ACC Expansion Rumor: Notre Dame Plotting ACC Move With Scheduling?

Could Schedule Constraints Just Move Notre Dame Right Into the ACC Without a Fuss?

As we’ve discussed countless times before, the ACC wants Notre Dame to join up (bringing either Rutgers or Connecticut with them). But, what hasn’t been talked of as much is Notre Dame’s own desire to join the league, independent of the standing invite. Sure, the Irish have repeatedly stated they “value their independence in football,” but realistically, how many years do we have until they’re forced to join a conference? Once Pittsburgh and Syracuse join the ACC, the league will move to a nine-game league schedule. All five of the other “BCS conferences” have either discussed making similar moves, or have already done so. Given that, with just three slots available for the types of schools ND prefers scheduling, how are they supposed to fill out that schedule? And even more importantly (for them), how can they maintain their respective AQ status as an independent (and lucrative TV deal) when half their slate consists of lower-rung FBS squads by 2015? Here’s where a full-time membership in a conference comes in, and believe it or not, the Irish may already be well on their way.

Take a look at Notre Dame’s schedules from 2008 to 2012, and how many ACC teams have been included:

2012: Four (Miami, Pittsburgh, Boston College, Wake Forest)

2011: Four (Pittsburgh, Wake Forest, Maryland, Boston College)

2010: Two (Boston College, Pittsburgh)

2009: Two (Boston College, Piittsburgh)

2008: Four (North Carolina, Pittsburgh, Boston College, Syracuse)

As for future schedules, the Fighting Irish have Pitt locked in on a yearly basis, with typical smatterings of Miami, BC, Syracuse and Wake Forest. With one-third of their schedule already ACC-centric, why not just add four more games? They’re virtually an associate member already. Plus, with Pitt and BC in the conference already, that’s two games they won’t have to worry about protecting. With their three remaining games, give them to USC, Navy and rotate the last game out. Yes, the Irish would be hard-pressed to give up yearly tilts with Stanford, Michigan State, Michigan and Purdue, but they could rotate that last date with the Spartans and Wolverines easily. Think that schedule’s too difficult? Based on preseason rankings, the Irish face off with four top-10 squads, along with another top-25 team in Stanford and fringe squad BYU as it stands in 2012. So is that really all that much different from a nine-game ACC schedule that also tacked on USC and MSU/UM? Probably not.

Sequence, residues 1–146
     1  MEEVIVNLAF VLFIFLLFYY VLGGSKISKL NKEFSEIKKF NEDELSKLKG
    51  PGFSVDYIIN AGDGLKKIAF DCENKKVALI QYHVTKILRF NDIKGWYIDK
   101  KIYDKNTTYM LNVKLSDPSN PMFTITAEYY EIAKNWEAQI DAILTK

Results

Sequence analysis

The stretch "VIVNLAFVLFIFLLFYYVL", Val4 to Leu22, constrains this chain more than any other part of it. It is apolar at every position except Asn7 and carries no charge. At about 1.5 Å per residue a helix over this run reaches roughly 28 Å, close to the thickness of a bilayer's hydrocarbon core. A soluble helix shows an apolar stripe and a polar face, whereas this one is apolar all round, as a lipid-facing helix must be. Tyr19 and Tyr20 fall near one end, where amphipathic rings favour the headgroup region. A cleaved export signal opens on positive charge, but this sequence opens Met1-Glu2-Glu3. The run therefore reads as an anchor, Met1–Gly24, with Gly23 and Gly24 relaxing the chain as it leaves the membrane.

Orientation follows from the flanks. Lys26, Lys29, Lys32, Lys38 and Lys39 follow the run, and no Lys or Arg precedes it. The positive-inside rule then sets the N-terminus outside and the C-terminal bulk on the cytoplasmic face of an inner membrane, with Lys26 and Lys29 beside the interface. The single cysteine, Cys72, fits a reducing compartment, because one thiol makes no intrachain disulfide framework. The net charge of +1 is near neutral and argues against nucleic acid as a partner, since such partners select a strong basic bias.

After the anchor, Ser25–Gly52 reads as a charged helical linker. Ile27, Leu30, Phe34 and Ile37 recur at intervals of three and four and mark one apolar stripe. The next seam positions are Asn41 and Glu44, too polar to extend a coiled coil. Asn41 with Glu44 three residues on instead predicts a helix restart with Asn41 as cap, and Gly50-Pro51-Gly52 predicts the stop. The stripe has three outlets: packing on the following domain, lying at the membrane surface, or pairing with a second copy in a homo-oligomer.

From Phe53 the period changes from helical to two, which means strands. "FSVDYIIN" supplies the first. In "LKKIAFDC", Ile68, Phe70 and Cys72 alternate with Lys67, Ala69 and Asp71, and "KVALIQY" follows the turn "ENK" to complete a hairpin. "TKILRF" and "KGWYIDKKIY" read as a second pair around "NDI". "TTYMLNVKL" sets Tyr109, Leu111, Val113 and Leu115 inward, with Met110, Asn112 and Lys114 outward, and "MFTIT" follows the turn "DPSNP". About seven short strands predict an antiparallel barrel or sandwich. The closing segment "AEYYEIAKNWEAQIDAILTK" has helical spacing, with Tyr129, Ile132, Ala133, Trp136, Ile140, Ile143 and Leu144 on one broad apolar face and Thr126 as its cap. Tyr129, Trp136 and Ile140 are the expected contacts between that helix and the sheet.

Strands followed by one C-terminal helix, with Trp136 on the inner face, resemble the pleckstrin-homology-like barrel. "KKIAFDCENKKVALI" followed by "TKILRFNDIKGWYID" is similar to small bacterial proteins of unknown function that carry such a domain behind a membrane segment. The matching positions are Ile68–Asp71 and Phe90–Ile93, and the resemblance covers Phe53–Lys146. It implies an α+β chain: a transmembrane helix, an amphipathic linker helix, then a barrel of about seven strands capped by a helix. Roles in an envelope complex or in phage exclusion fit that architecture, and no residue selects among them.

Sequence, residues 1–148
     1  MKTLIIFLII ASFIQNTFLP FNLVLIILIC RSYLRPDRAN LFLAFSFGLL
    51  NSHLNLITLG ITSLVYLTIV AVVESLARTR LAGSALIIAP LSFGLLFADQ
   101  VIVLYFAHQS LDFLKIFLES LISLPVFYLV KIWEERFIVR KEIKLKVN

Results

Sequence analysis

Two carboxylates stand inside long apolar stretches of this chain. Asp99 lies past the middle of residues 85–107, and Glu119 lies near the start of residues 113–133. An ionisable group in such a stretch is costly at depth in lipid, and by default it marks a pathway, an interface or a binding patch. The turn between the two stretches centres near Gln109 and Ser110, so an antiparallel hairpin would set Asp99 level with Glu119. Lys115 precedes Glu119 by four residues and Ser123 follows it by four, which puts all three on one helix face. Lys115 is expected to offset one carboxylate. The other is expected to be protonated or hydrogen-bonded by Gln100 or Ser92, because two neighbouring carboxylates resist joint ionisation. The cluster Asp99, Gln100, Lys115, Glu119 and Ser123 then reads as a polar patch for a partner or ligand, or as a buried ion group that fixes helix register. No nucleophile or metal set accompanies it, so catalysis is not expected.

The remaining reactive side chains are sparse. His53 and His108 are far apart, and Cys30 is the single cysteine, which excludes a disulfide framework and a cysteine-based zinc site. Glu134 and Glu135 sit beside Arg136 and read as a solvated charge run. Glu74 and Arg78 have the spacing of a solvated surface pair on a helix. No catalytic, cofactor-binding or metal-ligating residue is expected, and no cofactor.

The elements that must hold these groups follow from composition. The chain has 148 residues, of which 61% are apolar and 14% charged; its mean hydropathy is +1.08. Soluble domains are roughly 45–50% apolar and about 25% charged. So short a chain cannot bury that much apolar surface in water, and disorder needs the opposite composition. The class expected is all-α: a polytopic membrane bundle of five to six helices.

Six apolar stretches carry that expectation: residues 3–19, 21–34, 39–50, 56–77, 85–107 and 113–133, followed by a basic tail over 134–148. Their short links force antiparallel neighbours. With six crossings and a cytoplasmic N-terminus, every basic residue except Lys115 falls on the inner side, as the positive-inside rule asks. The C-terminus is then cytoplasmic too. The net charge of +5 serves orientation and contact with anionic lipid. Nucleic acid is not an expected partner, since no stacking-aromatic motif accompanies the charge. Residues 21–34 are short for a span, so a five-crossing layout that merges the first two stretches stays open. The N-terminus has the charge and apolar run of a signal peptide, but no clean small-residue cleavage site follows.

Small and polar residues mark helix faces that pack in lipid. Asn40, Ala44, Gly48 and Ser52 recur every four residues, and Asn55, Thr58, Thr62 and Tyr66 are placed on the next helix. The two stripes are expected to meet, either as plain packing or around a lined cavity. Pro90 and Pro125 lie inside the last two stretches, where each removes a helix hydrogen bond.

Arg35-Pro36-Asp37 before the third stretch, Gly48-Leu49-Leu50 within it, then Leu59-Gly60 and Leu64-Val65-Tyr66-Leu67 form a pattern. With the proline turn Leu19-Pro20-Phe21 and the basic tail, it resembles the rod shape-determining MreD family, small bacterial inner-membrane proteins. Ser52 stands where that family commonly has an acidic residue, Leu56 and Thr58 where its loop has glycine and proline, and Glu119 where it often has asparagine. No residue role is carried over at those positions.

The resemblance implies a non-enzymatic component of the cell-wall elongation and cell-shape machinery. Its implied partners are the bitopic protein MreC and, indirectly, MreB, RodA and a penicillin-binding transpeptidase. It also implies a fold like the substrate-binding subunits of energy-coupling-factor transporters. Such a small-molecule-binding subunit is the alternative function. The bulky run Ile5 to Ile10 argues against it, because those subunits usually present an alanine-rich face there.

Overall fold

Of course, this piece isn’t based much in any rumors right now, rather just an interesting take on scheduling, and how it could inherently relate to conference expansion. Don’t agree? Gripe ’till your heart’s content below.

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7 thoughts on “ACC Expansion Rumor: Notre Dame Plotting ACC Move With Scheduling?

  1. With Navy – Notre Dame’s longest running continual yearly rival entering the Big East, as is another schedule multiple foe Temple, plus both Air Force and BYU as regular Irish opponents and being pursued for Big East membership (remember Irish AD Jack Swarbrick is the head of the Big East expansion committee). It’s hard to say just the ACC has scheduling bonuses or advantages for Notre Dame. You can look down the list of Big Ten schools on their schedules especially from 2017 and on and they are loaded… wishful thinking, but not happening anytime soon, if ever!.

    • Wouldn’t go as far to say only the ACC has advantages. Just decided to look at it from the ACC angle here for the purposes of getting a conversation going. If conferences keep growing to 16, I just don’t see how the Irish can exist outside of the system as they do now. While the Big Ten could be a possibility down the road, and makes sense from a geographic standpoint, there’s no way they’d ever join a bloated, jigsaw-puzzle Big East for football.